Discover why the Mona Lisa Effect is a no-no for most marketing photos, and why a Non Mona Lisa image will help your message to get across more effectively.

FREE Marketing Tips:

When you’re choosing marketing photos, there are 3 things you should look for.

1. The marketing photo should be aspirational

The photo should be positive and inspiring, so it creates an “I want that” factor.

2. If possible, use marketing photos with a person in them

People are far more drawn to photographs of people than of objects.

3. Pay careful attention to where the person in the photograph is looking

There are two main types of “people” photos:

1. The Mona Lisa Effect

This Mona Lisa style of picture, where the model is looking straight at you, is effective for magazine covers and other scenarios where the role of the picture is to get attention.

I call this style of photograph the Mona Lisa Effect, and it works well in crowded magazine stands. This is because the photos job is to make eye contact with you, so that you pick it up and buy the magazine.

So yeah, the Mona Lisa Effect is great for magazine covers. (But not so great for most marketing photos.)

2. Non-Mona Lisa

A Non-Mona Lisa photo is one where where the model is looking into a space.

What you do with that photo is to add a strong headline into that space. That way, your prospects’ eyeballs will be lured into reading your headline, as they’ll naturally follow the model’s gaze.

This is a technique that works on websites, brochures, advertisements… just about anything where you have a headline.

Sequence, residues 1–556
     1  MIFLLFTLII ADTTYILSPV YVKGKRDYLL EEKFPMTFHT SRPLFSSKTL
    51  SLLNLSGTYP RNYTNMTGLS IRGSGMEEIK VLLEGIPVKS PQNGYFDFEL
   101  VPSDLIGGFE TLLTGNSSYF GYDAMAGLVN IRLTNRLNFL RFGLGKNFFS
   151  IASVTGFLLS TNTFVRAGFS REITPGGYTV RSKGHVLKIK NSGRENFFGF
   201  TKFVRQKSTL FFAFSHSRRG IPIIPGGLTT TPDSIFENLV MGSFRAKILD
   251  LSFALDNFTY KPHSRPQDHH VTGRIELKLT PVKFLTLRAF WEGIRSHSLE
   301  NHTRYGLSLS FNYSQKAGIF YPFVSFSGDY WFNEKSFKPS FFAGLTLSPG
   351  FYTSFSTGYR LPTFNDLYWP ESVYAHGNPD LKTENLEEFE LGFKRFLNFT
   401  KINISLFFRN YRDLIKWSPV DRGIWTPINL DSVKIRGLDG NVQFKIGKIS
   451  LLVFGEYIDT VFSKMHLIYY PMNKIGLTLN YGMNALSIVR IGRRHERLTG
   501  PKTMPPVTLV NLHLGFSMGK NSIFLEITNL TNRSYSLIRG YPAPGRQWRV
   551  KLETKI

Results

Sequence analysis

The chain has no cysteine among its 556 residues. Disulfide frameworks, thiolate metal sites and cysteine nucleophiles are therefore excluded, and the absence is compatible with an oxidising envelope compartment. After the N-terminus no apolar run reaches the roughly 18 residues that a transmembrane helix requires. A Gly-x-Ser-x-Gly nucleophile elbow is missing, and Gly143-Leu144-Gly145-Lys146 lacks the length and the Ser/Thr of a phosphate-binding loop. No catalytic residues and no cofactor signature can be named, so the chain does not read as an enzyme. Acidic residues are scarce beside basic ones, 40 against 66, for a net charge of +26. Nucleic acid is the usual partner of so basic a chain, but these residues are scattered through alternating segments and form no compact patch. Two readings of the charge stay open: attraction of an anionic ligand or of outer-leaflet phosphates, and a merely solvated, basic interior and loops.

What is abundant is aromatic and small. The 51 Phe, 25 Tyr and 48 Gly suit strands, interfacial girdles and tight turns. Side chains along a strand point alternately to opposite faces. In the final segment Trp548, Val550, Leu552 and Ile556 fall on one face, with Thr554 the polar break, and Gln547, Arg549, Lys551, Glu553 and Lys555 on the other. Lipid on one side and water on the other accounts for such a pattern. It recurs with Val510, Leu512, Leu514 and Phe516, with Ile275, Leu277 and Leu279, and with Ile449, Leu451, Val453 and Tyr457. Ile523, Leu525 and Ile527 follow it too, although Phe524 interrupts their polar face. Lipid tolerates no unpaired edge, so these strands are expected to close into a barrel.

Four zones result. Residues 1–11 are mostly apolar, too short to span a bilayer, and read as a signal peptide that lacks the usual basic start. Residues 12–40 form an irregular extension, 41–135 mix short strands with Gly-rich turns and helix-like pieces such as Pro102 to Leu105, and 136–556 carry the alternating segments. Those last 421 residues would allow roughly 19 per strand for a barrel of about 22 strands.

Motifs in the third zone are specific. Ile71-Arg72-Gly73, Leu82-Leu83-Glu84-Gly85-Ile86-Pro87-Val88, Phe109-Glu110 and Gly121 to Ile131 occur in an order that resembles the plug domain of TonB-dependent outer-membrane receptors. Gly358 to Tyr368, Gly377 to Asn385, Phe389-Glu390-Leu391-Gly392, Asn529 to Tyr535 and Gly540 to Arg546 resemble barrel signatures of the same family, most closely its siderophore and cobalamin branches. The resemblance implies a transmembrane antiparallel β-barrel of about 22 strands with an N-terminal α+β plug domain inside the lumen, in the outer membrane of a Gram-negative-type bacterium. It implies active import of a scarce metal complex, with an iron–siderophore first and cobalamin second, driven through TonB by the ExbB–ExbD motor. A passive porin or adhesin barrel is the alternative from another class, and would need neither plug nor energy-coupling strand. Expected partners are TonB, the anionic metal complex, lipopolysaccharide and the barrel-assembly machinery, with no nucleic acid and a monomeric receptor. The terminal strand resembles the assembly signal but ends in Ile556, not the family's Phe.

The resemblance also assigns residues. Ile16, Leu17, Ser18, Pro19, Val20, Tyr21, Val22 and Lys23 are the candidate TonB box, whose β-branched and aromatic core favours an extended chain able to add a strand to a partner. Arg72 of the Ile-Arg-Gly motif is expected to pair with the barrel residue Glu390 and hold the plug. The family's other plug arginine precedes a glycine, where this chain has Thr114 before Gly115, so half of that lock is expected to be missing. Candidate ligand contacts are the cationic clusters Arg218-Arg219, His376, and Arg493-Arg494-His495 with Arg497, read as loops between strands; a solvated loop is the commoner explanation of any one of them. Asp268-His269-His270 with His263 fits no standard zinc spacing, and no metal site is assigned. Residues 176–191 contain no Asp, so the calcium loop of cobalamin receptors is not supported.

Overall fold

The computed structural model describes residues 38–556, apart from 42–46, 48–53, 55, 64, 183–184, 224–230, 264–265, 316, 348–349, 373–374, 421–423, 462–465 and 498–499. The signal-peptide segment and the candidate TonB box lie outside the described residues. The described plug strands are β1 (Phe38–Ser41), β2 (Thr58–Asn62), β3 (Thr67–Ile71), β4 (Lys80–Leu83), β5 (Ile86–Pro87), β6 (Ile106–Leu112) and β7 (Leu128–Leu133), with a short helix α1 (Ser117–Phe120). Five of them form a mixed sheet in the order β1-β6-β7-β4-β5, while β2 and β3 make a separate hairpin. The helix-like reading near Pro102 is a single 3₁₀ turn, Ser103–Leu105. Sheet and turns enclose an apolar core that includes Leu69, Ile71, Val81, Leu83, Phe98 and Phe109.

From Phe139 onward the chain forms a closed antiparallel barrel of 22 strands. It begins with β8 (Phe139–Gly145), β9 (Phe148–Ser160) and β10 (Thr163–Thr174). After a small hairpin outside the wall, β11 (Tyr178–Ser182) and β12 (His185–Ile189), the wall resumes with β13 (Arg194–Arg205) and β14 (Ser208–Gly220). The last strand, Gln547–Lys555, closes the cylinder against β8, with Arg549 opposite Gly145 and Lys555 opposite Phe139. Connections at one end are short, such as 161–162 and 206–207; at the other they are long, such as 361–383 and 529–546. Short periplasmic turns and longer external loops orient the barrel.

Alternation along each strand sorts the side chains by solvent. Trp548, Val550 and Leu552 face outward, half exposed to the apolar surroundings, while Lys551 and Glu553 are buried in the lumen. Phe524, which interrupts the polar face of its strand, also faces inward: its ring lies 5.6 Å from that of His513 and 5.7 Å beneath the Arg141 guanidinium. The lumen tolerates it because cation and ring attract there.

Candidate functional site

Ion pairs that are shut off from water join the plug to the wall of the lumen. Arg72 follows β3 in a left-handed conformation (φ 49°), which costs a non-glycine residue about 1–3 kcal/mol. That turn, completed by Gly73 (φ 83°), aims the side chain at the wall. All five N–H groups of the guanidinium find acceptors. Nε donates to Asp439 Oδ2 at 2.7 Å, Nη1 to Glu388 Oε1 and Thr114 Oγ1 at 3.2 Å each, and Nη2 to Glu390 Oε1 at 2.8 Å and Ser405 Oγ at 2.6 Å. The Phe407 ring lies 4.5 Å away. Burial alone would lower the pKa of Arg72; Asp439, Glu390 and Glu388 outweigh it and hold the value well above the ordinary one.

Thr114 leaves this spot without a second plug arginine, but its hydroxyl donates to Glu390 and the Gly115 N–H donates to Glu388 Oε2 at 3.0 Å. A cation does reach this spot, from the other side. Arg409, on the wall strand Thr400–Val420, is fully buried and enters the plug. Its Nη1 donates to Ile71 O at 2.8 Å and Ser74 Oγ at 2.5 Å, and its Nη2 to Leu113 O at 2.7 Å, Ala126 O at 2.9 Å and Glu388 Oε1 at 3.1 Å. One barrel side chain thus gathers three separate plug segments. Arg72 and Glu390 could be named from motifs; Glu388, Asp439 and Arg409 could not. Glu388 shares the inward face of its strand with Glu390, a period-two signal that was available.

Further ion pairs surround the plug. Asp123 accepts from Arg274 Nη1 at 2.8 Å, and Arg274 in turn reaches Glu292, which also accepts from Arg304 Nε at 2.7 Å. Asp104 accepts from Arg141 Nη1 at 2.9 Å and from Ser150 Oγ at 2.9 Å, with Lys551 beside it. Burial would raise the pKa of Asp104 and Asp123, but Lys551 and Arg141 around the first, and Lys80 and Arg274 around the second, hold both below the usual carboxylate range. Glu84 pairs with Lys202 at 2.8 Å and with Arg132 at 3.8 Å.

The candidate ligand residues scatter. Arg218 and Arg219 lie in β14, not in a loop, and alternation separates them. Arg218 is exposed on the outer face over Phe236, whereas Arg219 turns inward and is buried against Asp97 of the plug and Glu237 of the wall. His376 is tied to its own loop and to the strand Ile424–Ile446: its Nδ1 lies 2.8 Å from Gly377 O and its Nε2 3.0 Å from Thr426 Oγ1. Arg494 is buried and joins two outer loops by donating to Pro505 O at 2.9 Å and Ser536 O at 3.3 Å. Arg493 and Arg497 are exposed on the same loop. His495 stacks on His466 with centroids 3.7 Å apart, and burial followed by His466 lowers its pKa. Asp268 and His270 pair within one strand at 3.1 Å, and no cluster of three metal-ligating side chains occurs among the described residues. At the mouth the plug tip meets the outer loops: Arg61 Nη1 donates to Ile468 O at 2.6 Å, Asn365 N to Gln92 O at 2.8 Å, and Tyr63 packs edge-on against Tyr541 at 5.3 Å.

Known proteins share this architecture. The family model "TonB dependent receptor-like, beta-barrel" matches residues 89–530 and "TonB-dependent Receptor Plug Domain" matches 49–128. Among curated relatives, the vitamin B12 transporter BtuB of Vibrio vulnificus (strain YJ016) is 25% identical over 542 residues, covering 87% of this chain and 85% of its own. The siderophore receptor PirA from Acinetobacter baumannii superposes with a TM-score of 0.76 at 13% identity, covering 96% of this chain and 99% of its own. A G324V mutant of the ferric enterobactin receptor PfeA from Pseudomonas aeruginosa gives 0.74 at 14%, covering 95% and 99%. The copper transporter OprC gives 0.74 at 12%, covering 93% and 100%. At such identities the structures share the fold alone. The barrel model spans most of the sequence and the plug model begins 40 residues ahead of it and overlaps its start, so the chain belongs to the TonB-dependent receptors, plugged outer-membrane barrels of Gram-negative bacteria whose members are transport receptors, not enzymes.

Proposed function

And this eyeball controlling technique really works! This has been tested with heatmaps based on where people are looking. So use this technique for marketing photos and really take your marketing message to the next level.


How to choose eye-catching marketing photosWhen you’re choosing marketing photos:

  1. The photograph should be aspirational and positive.
  2. It should have a person in it.
  3. The model in the photograph should be Non Mona Lisa, that is, looking into the copy space.
  4. Add a strong headline into that copy space.

This technique doesn’t take any extra time, or cost extra money, but it gets your prospects to read your message.

It’s not cheap if it never breaks even…

Don't be like Sara the Witch throwing your marketing budget down the drain - do a break even analysis before you spend a cent on advertising!

Don’t throw your marketing budget down the drain – do a break-even analysis before you spend a cent!

Recently I met a customer, JC, for the first time.

She told me: “I’ve saved thousands of dollars, thanks to you”.

How so?
(I was super curious, as I hadn’t met this lady before… she’d bought an eBook from me, and now we were meeting for her Marketing Consultation for the first time.)

JC revealed that she’d bought the Premium edition of my eBook, The Leaky Bathtub, and with that you get a break-even calculator.

This break-even calculator makes it very simple for you to work out if a marketing campaign is likely to pay for itself – or be a huge waste of money.

JC uses that break-even calculator to assess all of her campaigns

JC told me that the break-even calculator had proven to be a real eye opener as to which campaigns would be profitable, and which campaigns would be an expensive flop.

In other words, she had saved a massive amount of money on advertising campaigns that would never have worked out, and instead has been able to grow her business by investing wisely.

Little wonder that JC’s business is flourishing!

What kind of marketing campaigns can you assess with the break-even calculator?

You can assess any kind of marketing campaign with the break-even calculator. It’s particularly helpful for new customer campaigns, such as:

  • Google AdWords campaigns